Many industries require down payments when intangible goods or services are being provided. In the world of graphic design this practice is a necessity. The intent of this article is to illustrate how these down payments (retainers) benefit both the designer and client.
Why Down Payments Are Necessary:
A down payment is beneficial for both the designer and client. It establishes a feeling of commitment, a sense of urgency, dedication, and holds both parties accountable. It’s easy to assume that as long as a designer does quality work, he/she will always get paid for their efforts. Unfortunately this simply isn’t the case. Here are just a couple of common scenarios that force designers into charging up front:
Often times people get grandiose ideas and are eager to get those ideas off the ground. They contact a graphic designer to help them promote their new product, business, or idea. For whatever reason the business idea goes flop, and the designer is left holding the bag. The client who 2 days prior was in love with the design, is now not answering his/her email or phone because they don’t want to pay for something that is no longer of use to them.
And some people just go broke. That $1000 they had reserved for a website design, had to instead go towards an unexpected water heater breakage or credit card payment. The graphic designer who just spent 30 hours getting the client’s website started may have just spent a half of weeks work for absolutely nothing.
There are also those who simply want premium design work but are just not willing to pay for it. The idea is to find a good designer who doesn’t charge up front, have them come up with a good concept, tell the designer they don’t like the concept, send the concept to a less expensive designer and have them re-create the stolen concept at lower cost. Stolen art and design work happens all to often unfortunately, especially amongst the “design contest” websites where “designers” hide behind a cloak of anonymity making it easier for them to rip off others and call the work their own.
Unlike with tangible goods that can be purchased and returned to the store for resale, intangible services like graphic design work only have a value that is limited to the client/recipient for whom it was created for. A designer can’t re-sell a custom flyer design that was specifically tailored for a particular venture. This is just another reason why down payments are necessary for graphic designers and service providers of this sort.
Another benefit of retainer payments, is that they allow the designer to confidently make any necessary project related purchases. Often times things like new fonts, stock images, etc need to be purchased specifically for a project.
Ways For Clients To Feel More Secure:
It’s understandable that some people are a bit hesitant about paying money up front for graphic design services. This is why it’s incredibly important for the client to do their homework before investing any money. Here are a few things that should be considered:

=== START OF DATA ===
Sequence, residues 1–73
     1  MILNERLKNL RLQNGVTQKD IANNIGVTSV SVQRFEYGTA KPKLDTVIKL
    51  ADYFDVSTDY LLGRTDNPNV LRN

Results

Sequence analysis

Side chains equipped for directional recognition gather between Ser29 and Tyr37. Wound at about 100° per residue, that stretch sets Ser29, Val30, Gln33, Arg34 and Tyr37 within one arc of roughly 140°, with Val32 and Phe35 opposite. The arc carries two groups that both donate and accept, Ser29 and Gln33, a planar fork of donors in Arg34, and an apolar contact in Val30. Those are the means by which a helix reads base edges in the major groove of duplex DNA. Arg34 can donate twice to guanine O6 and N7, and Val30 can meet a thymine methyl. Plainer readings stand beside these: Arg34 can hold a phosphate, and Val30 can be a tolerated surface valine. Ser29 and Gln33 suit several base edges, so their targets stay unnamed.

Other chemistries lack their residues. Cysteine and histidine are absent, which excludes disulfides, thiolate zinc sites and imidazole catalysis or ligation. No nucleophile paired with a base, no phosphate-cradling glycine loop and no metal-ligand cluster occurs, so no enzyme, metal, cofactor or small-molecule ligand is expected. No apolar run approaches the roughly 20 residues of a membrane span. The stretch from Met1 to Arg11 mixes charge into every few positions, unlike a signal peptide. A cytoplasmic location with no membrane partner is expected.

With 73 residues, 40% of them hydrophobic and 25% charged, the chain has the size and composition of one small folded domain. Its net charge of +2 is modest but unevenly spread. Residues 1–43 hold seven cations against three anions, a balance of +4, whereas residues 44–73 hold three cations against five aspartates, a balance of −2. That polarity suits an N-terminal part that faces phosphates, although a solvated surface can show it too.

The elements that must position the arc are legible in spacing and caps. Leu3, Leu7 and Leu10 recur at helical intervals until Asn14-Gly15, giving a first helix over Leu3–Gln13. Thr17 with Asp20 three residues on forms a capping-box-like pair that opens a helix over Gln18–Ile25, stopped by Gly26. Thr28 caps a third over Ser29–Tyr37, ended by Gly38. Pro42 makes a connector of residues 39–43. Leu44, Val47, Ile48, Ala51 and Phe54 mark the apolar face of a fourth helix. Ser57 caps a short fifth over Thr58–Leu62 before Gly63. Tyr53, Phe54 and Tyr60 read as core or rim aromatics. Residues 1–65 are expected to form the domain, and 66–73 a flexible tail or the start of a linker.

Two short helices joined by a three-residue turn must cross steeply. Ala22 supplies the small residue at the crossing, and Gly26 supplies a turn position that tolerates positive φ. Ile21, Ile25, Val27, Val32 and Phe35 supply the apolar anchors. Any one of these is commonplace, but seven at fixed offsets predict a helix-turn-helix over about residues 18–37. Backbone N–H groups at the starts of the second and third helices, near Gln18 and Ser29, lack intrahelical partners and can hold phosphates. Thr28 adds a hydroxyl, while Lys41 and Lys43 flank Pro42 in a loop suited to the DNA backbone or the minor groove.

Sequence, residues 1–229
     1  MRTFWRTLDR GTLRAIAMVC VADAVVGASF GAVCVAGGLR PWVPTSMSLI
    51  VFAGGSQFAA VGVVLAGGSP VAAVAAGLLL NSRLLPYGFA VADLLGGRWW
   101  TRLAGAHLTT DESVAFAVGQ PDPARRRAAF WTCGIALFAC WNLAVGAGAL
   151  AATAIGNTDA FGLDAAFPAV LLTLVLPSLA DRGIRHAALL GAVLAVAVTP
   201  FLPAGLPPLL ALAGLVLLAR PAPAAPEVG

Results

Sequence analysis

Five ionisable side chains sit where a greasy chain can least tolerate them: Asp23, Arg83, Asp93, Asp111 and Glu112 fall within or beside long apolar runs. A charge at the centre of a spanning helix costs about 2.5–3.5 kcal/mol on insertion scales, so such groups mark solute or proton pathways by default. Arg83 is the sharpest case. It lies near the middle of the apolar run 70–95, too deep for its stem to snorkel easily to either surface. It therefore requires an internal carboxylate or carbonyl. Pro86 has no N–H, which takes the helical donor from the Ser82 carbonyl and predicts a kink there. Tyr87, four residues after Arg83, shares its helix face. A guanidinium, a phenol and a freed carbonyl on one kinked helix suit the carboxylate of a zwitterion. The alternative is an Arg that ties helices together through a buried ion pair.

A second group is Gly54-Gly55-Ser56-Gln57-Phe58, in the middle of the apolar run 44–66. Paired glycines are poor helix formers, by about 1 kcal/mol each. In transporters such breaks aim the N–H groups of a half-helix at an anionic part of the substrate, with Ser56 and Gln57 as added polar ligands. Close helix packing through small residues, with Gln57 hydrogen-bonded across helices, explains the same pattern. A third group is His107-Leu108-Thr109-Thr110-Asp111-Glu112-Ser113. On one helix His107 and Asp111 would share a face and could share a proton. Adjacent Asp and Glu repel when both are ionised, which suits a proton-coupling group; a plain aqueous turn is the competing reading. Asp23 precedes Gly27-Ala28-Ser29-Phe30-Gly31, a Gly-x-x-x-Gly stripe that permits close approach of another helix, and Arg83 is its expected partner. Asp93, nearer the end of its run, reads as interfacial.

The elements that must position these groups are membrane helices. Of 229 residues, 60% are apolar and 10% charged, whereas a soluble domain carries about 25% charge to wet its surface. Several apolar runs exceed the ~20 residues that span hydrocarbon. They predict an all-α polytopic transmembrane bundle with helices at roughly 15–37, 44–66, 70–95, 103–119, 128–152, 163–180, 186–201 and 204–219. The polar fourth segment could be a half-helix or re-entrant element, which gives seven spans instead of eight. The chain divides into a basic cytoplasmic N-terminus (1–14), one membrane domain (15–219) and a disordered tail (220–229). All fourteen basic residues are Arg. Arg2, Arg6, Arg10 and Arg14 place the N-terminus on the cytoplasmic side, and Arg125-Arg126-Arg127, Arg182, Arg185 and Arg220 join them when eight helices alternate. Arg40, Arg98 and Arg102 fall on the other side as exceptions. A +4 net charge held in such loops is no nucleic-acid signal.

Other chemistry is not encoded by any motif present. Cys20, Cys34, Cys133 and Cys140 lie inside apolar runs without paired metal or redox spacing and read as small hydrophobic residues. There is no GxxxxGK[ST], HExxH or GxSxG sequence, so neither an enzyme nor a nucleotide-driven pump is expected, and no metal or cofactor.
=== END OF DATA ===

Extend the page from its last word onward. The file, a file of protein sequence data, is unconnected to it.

Similar Design Tastes: Make sure you like the prospective designer’s past work. If you don’t like what they’ve created for others, there is a good chance you won’t like what they create for you.
Testimonials: It helps to know what other clients have had to say about working with the graphic designer that you wish to hire.
Written Contract: When it is outlined in black and white what the expectations are for both the client and designer, it creates accountability and helps both parties to feel more secure in their investment.
Communication: Just remember that communication is a two way street. Always provide precise instruction to your designer. Let them know the specifics of what you are expecting from them. The more thorough and detailed you are with your communication, the smoother your experience will be.
What Others Have To Say About Down Payments:
GraphicDesignBlender had some interesting blog comments pertaining to a similar article about graphic design and down payments. Here are a few:
Karol K (web 2.o guy) had this to say:
The thing is that people serious enough to be able to appreciate some good design work, people with clearly defined goals and requirements don’t have any problems with paying some money upfront because they know the value of the work. If a client has some reluctance then they probably were not sold good enough on the project or they are simply not ready for this kind of service. After introducing down-payments we have yet to encounter a really difficult client (or maybe it’s just luck).
Preston D Lee had this to say:
Sometimes it’s hard to do a good job when you aren’t motivated. And sometimes it’s hard to stay motivated, when you aren’t getting paid.
Curtis had this to say:
I have done a couple of projects for referrals from close friends without charging anything up front. All this did was delay the project because the client didn’t have anything invested in the project so they dragged their feet to get me the things that I needed (feedback, project approval, etc.)
I hope that by writing this article, I’ve been able to illustrate why non refundable down payments (retainers) are important for designers to have in place, and why clients should feel less intimidated with the concept as long as they are dealing with reputable and professional designers and following the tips mentioned above.
I’d love to hear others views on this subject. Do you think retainer payments are necessary or should designers take on all the risk that comes with investing unpaid time? Please share your experiences or thoughts below. Thanks for reading.